Saturday, May 28, 2011
Author: Michael Crichton
I read this when I was a kid. And as much as I've always loved the film, I thought the book was better. Even at the tender age of 11 or 12, whenever it was that I read it. I picked it up again, thinking that, as an adult, I'd be able to better understand some of the technical jargon that Crichton laces throughout the novel.
Pretty sure I was right about that.
Don't get me wrong. I was a pretty bright kid. Back then I had a basic understanding of what DNA was and what it meant to clone something. After all, clones are a sci-fi staple, and being the son of Lee Peck, I was raised on science fiction.
Michael Crichton does go into a lot of technical detail about the biological technology involved in genetics, as well as the complicated computer systems that are used in the cloning process and used in operating the prehistoric zoo. Not having a Ph.D. in any of these related fields, some of it was still a little over my head. But, like 11- or 12-year-old me, I got the basic gist of it.
There are a lot of little differences between the book and the movie. These are differences that are easy to forget about when you only read the book once 20 years ago and have seen the movie a few dozen times. For example, in the movie, Dr. Alan Grant is portrayed as a guy that really doesn't like kids very much. In the book, Grant loves kids because they tend to have an insatiable fascination with dinosaurs. Another difference, he and Dr. Ellie Sattler do not have a romantic relationship. She's his student, nothing more. In fact, he mentions to the kids while they're trapped in the park that Ellie is engaged to a nice doctor in the Chicago area.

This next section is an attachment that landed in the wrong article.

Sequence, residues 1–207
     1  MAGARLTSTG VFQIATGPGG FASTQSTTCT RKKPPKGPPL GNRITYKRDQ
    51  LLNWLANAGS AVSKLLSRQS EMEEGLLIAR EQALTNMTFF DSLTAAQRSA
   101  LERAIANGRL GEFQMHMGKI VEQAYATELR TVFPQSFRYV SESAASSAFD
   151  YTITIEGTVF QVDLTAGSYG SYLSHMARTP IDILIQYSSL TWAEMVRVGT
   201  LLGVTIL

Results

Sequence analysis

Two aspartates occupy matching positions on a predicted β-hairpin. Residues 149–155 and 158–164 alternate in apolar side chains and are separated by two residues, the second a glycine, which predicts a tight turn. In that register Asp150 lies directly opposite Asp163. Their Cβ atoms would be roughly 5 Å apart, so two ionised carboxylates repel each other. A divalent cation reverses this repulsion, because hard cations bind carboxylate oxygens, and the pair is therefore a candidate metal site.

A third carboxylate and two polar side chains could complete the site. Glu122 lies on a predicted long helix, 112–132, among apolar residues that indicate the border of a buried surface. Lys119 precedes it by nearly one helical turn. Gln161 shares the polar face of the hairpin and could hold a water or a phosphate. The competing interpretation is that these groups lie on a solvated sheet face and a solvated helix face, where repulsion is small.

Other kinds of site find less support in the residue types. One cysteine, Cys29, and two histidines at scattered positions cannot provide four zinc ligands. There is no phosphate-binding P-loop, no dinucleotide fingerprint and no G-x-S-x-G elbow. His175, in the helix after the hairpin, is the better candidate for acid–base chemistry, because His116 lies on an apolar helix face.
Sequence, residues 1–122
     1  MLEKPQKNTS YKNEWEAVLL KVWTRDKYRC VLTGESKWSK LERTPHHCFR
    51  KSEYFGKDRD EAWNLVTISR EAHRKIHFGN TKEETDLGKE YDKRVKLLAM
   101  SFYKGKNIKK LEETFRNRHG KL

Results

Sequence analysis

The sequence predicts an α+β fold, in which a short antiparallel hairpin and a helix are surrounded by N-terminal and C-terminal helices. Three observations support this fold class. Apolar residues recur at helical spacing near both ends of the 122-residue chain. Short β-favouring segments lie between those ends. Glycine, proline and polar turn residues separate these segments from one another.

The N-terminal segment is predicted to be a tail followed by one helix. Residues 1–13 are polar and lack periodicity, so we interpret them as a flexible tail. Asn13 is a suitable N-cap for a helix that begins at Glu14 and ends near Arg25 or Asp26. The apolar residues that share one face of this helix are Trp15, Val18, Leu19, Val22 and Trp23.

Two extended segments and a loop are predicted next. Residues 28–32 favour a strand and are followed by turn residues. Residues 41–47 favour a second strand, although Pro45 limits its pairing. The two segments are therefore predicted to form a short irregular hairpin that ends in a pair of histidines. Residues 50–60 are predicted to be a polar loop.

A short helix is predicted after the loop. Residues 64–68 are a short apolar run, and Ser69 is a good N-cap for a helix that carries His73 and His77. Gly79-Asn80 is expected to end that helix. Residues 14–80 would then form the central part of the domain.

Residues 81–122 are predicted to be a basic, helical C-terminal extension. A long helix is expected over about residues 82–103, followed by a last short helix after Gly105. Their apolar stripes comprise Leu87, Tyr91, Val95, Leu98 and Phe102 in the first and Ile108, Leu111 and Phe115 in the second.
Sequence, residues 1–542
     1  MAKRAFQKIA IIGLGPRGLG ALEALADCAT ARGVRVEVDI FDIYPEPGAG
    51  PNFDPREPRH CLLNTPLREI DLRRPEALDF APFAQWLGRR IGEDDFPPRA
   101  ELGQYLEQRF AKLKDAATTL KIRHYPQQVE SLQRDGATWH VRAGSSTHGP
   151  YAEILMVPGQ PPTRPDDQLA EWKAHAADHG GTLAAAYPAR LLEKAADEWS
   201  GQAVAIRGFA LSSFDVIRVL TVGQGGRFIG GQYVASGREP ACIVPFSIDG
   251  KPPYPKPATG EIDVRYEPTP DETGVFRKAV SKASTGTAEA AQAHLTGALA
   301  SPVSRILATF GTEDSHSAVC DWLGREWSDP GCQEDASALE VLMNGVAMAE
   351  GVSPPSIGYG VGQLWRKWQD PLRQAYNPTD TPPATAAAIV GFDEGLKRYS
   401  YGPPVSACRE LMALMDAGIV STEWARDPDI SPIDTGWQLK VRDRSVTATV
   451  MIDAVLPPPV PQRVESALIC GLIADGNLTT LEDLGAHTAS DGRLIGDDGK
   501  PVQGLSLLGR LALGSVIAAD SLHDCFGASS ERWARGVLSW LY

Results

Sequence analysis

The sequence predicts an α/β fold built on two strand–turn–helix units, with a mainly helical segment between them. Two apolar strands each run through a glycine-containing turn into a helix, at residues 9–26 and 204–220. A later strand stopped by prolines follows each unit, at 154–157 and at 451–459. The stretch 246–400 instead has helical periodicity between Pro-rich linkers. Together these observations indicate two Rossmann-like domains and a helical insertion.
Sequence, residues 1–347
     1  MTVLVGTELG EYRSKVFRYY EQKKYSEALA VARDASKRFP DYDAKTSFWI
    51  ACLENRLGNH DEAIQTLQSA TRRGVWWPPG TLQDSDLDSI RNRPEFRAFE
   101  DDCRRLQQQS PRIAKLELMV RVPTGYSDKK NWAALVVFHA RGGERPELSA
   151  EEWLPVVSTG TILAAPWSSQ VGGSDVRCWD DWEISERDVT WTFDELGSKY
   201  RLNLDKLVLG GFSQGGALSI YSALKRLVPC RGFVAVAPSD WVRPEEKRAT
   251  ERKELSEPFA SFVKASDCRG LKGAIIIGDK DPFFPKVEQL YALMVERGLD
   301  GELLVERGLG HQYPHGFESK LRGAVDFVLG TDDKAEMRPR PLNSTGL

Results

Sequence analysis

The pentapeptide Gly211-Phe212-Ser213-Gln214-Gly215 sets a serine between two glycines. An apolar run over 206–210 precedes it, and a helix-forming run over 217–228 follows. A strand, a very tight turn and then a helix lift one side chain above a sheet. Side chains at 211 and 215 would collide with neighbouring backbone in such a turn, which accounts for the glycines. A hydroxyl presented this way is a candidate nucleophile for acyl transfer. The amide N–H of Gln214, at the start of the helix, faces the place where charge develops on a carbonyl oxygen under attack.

Another change is in the character of John Hammond, the financier of Jurassic Park. In the movie he's portrayed as an eccentric little man who simply wants to entertain the world with his biological creations. Sure, the novel version of the old man wants to entertain the world, but his driving force seems to be dollar signs. And he really doesn't care much about the consequences of his actions. In the film he survives to regret the creation of Jurassic Park. In the book, he dies still imagining that next time they'll be able to get it right.
There are other changes that I won't go into here. After all, it's a really good book and if you haven't read it, it's worth picking up, even 20 years later. Sure, some of the references are a little outdated since the majority of the story takes place in 1989. But still, we're dealing with extinct animals. So it's kind of a timeless tale. And I always find it interesting to read Ian Malcolm's take on things. He has a few nice little explanations about the dangers inherent in attempting manipulate the natural order of things.
I think it's amazing that Malcolm clearly died in the novel (they mention the Costa Rican government not allowing the survivors to bury him yet), but he makes a comeback in the sequel novel (and movie) The Lost World. I never read that book, but I always thought the movie was something of a disappointment. The book is on my list though. I'll get to it soon.